Daiichi Sankyo buys 20 percent stake in Ranbaxy
Japan's Daiichi Sankyo Co said it had completed the purchase of 20 per cent in India's Ranbaxy Laboratories, part of its plan to obtain a majority holding in the generic drugmaker.business Updated: Oct 17, 2008 12:45 IST
Japan's Daiichi Sankyo Co said on Friday it had completed the purchase of 20 per cent in India's Ranbaxy Laboratories, part of its plan to obtain a majority holding in the generic drugmaker.
Japan's third-largest drugmaker also sought to reassure investors about the status of prasugrel, a closely-watched drug it has developed with Eli Lilly and Co, saying it had not been notified of any action by US regulators.
The Food and Drug Administration failed in September to finish its review of prasugrel, the second time it has missed a deadline after failing to meet one in June.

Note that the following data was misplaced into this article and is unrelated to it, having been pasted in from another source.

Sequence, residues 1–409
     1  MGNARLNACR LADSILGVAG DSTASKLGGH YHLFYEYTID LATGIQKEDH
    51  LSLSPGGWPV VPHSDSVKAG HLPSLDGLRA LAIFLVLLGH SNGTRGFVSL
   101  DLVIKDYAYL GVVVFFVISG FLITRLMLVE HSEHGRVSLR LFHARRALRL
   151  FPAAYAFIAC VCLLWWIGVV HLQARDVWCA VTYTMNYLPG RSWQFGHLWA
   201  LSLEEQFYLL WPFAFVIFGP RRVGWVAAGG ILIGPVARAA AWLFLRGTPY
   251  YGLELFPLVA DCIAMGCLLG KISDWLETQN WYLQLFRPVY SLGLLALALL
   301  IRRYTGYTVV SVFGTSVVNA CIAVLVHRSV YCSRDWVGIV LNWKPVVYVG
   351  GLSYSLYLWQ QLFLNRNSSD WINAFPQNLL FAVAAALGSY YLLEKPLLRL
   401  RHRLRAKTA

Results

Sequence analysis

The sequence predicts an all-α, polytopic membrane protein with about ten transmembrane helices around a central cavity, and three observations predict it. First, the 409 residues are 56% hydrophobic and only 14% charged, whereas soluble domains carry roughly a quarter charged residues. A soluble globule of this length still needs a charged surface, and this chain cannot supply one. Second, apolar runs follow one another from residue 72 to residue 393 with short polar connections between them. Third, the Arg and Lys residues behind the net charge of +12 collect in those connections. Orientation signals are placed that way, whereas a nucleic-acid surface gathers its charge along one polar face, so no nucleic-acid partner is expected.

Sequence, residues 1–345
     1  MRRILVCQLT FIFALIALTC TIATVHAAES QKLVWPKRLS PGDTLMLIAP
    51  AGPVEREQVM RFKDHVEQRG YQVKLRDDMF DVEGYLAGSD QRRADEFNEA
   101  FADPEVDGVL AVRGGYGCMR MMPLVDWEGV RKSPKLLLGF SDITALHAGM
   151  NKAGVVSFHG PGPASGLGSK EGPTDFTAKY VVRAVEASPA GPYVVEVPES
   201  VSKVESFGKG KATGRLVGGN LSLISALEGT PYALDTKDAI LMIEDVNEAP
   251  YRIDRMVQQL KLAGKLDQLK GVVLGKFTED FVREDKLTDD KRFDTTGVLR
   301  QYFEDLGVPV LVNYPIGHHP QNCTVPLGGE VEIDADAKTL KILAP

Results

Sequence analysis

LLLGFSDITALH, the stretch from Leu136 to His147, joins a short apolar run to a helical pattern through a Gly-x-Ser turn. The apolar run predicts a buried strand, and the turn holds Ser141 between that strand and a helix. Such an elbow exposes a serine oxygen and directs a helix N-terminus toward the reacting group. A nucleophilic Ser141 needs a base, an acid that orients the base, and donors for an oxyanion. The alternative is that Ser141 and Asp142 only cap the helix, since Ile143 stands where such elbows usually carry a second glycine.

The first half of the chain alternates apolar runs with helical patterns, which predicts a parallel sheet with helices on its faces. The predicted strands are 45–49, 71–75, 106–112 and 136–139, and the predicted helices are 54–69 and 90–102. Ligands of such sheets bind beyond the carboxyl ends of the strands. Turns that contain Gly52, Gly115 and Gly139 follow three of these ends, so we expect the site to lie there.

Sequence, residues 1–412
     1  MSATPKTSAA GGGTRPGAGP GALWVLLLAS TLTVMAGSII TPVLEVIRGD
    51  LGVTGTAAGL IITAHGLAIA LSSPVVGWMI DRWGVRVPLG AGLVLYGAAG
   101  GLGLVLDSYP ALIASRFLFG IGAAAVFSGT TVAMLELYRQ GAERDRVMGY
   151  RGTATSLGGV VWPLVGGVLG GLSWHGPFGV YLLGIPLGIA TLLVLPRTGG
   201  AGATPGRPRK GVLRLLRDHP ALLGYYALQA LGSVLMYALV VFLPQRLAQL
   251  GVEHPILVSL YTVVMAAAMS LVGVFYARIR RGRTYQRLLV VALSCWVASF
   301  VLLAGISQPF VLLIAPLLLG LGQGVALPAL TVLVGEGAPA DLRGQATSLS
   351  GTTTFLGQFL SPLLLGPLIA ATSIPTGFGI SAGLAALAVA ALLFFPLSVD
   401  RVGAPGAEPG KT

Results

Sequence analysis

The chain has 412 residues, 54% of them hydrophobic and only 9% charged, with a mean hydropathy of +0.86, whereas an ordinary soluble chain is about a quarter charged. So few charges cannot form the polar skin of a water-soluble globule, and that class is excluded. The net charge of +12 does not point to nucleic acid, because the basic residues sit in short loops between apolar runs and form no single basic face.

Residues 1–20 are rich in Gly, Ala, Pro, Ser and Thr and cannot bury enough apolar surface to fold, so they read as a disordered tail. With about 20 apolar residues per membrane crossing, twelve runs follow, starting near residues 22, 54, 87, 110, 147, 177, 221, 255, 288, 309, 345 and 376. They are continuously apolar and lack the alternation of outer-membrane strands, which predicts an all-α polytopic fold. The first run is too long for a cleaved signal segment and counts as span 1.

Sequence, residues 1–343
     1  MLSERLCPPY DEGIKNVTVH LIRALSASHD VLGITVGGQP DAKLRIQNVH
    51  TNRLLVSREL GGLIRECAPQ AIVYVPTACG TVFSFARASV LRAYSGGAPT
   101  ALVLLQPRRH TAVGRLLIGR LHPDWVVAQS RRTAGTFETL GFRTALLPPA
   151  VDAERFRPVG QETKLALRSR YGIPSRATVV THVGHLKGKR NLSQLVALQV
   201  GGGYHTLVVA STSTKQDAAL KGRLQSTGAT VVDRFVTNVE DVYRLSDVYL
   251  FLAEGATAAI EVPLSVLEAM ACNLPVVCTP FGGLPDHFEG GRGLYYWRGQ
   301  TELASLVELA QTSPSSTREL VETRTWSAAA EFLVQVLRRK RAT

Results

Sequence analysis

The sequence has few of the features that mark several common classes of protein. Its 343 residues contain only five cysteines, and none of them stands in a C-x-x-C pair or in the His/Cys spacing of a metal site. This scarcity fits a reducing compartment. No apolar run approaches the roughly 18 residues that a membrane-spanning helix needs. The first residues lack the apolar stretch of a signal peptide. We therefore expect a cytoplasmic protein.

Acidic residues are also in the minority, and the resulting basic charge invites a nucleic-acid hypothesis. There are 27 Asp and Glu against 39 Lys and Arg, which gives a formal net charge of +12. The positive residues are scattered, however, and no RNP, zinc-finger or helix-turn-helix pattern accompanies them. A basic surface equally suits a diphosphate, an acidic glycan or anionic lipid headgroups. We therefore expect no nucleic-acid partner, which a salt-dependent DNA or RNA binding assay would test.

The companies submitted their application in late December and the drug was given priority review status, which normally means a six-month review period.
Daiichi's payment for the 20 per cent stake it obtained from the market had been postponed due to a delay in approval by Indian authorities.
As part of the deal to acquire a stake of at least 50.1 per cent and estimated at $4.6 billion, it also plans to buy an 34.8 per cent holding from Ranbaxy's founding family, as well as new shares.
It paid a total 68.2 billion Indian rupee ($1.4 billion), or 737 rupee per share, for the 20 per cent holding plus interest amounting nearly 1 billion yen due to the payment delay.
Daiichi Sankyo warned earlier this month it could book a valuation loss on its holding of Ranbaxy shares in the year to March.
Ranbaxy shares have lost more than half of their value since June amid a data falsification scandal in the United States. They finished trading on Thursday at 266.35 rupees.
Ranbaxy's chief executive Malvinder Singh said on Tuesday the Indian firm expects to close the takeover deal by Daiichi Sankyo by the end of December.
Daiichi Sankyo shares closed down 4.3 per cent at 1,847 yen, underperforming a 3 per cent rise in Tokyo's pharmaceutical subindex.